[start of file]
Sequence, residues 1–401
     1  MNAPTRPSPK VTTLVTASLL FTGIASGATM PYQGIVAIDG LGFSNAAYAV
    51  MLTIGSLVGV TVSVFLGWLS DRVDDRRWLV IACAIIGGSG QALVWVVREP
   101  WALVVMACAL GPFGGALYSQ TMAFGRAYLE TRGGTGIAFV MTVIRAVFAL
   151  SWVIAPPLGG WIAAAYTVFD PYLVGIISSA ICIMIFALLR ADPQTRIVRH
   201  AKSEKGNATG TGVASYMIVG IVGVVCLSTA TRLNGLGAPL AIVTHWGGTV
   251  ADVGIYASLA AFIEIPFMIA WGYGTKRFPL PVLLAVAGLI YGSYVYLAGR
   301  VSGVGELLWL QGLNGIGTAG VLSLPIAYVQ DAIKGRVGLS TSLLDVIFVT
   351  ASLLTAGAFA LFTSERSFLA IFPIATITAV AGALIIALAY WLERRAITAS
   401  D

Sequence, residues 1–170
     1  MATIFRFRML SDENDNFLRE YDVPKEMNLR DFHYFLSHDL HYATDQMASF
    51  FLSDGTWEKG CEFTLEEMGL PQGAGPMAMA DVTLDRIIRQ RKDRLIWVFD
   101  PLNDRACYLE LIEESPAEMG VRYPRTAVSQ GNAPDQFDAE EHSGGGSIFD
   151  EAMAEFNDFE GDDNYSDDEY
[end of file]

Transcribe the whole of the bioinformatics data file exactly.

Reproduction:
Sequence, residues 1–401
     1  MNAPTRPSPK VTTLVTASLL FTGIASGATM PYQGIVAIDG LGFSNAAYAV
    51  MLTIGSLVGV TVSVFLGWLS DRVDDRRWLV IACAIIGGSG QALVWVVREP
   101  WALVVMACAL GPFGGALYSQ TMAFGRAYLE TRGGTGIAFV MTVIRAVFAL
   151  SWVIAPPLGG WIAAAYTVFD PYLVGIISSA ICIMIFALLR ADPQTRIVRH
   201  AKSEKGNATG TGVASYMIVG IVGVVCLSTA TRLNGLGAPL AIVTHWGGTV
   251  ADVGIYASLA AFIEIPFMIA WGYGTKRFPL PVLLAVAGLI YGSYVYLAGR
   301  VSGVGELLWL QGLNGIGTAG VLSLPIAYVQ DAIKGRVGLS TSLLDVIFVT
   351  ASLLTAGAFA LFTSERSFLA IFPIATITAV AGALIIALAY WLERRAITAS
   401  D

Sequence, residues 1–170
     1  MATIFRFRML SDENDNFLRE YDVPKEMNLR DFHYFLSHDL HYATDQMASF
    51  FLSDGTWEKG CEFTLEEMGL PQGAGPMAMA DVTLDRIIRQ RKDRLIWVFD
   101  PLNDRACYLE LIEESPAEMG VRYPRTAVSQ GNAPDQFDAE EHSGGGSIFD
   151  EAMAEFNDFE GDDNYSDDEY